From birth to kindergarten, rashes are a common, if not annoying, part of raising a child. Here are five common skin conditions, symptoms to look for and how they are treated.
Ringworm – Don’t’ look for an actual worm for this infection! Ringworm is actually tinea, which is a medical name for skin infections like athlete’s foot, jock itch and ring worm. Tinea infections are caused by fungi that feed off dead tissues in a person’s body. Ringworm starts as a red, scaly bump, and soon transforms into a ring or series of rings with a raised, scaly boarder and a clear center. Ringworm is extremely contagious, and can even be contracted from animals! Ringworm is treated easily with a prescription antifungal medication in ointment or cream form, or an oral antifungal medication for ringworm of the scalp or nails.
Chickenpox – A childhood right-of-passage just a few years ago, chickenpox is less prevalent now due to childhood immunizations for the illness. It’s still very common among children under 12, especially due to the highly contagious nature of the illness. Chickenpox starts with a fever (typically 101 to 102 degrees), headache, sore throat and other flu-like symptoms that last 2 to 3 days. The next stage of the illness includes a red, itchy skin rash (the first blisters that pop up start as small, pimple-looking spots) that covers the entire body, starting on the abdomen, back or face. Chickepox spots fill with clear fluid, break, and scab over, usually within 2 to 4 days. Because it’s a virus, doctors won’t prescribe anything for it, but if scabs become infected, antibacterial medicine may be required. Chickenpox treatment focuses on alleviating the symptoms with calamine lotion, oatmeal baths, and Tylenol for pain and fever.
Heat rash – Many parents mistake almost any rash that children get when it’s outside for heat rash, but heat rash is actually a very specific type of rash that’s common in children, especially babies and young infants. Also known as prickly heat, this type of heat rash occurs when the sweat duct becomes red and inflamed, creating a prickly stinging sensation and itching in the child. A heat rash goes away in a few days without medical intervention, and treatment includes giving the child a cold compress to affected areas, adding calamine lotion and coating areas with over-the-counter medications like hydrocortisone for itching and redness.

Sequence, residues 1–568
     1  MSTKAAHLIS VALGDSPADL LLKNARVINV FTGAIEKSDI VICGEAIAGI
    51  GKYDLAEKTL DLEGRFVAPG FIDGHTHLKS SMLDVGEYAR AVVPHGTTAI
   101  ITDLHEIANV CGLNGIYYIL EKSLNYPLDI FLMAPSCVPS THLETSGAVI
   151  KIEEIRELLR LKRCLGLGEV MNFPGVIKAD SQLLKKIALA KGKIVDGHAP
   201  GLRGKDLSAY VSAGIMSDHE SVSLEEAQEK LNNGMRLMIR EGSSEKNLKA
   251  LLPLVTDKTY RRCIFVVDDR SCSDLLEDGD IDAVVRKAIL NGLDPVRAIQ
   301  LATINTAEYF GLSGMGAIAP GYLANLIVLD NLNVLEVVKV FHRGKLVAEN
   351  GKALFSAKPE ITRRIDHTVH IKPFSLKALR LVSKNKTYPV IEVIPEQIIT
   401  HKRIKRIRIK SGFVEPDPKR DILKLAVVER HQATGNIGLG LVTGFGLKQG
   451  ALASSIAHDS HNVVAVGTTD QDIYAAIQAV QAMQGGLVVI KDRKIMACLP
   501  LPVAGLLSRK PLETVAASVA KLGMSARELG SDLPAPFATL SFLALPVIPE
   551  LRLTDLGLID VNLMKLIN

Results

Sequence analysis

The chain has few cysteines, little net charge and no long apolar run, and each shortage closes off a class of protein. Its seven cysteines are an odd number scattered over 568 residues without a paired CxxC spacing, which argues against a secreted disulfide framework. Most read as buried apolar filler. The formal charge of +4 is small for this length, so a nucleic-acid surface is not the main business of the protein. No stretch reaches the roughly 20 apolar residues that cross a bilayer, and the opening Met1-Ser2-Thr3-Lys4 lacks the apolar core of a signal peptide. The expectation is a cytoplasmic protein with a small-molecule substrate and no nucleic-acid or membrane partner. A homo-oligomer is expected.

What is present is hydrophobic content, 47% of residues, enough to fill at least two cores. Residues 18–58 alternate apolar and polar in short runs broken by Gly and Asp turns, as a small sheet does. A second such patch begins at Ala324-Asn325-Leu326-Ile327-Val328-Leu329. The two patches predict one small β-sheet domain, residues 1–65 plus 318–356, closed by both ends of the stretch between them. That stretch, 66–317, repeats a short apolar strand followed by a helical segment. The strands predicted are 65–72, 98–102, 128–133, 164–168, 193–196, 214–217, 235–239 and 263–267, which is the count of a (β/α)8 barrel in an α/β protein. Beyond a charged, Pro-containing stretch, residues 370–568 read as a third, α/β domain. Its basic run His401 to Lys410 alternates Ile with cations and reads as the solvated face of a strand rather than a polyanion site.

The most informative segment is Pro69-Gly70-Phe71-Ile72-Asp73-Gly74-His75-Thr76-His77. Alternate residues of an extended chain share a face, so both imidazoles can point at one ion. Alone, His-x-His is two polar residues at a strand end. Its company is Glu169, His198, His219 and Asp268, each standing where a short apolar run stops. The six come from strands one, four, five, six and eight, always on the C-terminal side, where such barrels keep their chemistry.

Eczema – This common skin care issue in children actually an umbrella term for many skin conditions that result in red, irritated, itchy skin that result in fluid-filled bumps. One of these conditions (and one of the most common) is called atopic dermatitis, which means a child is overly sensitive to environmental factors (fragrances, pet dander, mold and certain foods) and this oversensitivity results in red skin. Eczema is very common, non-contagious and usually goes into remission after about age 6. Reoccurring eczema is difficult to diagnose, and allergists may be involved. Eczema is treated using over-the-counter topical ointments like hydrocortisone and occasionally oral antibiotics and antihistamines.
Hand-Foot-Mouth disease – Hand-foot-mouth disease (or HFM) comes from a virus that lives in the digestive track and can spread from person-to-person through contact with unwashed hands. Young kids under the age of 4 are most susceptible to this condition, which causes blisters in the throat, tongue, gums, cheeks as well as on the soles of a child’s feet. Flu-like symptoms, like muscle aches and fever, might also be present. The condition runs its course without treatment, but over-the-counter pain relievers, cold foods like popsicles and ice cream and some old fashioned TLC can help kids feel less uncomfortable.